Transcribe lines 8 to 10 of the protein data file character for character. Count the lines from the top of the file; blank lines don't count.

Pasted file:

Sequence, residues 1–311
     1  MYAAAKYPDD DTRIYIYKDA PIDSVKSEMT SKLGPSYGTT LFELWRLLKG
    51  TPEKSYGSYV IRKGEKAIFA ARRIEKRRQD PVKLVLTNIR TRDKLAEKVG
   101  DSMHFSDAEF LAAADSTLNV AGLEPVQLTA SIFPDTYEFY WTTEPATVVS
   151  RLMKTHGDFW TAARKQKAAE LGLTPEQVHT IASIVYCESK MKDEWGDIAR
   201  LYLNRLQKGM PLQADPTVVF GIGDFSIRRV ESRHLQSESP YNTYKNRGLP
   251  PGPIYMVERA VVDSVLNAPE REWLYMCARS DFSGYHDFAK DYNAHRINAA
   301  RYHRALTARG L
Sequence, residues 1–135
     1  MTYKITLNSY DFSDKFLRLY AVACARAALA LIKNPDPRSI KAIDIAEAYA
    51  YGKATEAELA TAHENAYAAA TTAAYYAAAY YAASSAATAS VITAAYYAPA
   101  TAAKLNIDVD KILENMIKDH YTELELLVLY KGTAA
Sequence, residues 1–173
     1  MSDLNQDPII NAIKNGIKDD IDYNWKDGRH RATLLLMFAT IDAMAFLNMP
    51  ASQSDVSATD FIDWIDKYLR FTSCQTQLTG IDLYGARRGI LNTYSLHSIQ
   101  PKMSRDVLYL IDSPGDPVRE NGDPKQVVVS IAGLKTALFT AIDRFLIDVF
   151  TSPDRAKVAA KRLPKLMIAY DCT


   301  RYHRALTARG L
Sequence, residues 1–135
     1  MTYKITLNSY DFSDKFLRLY AVACARAALA LIKNPDPRSI KAIDIAEAYA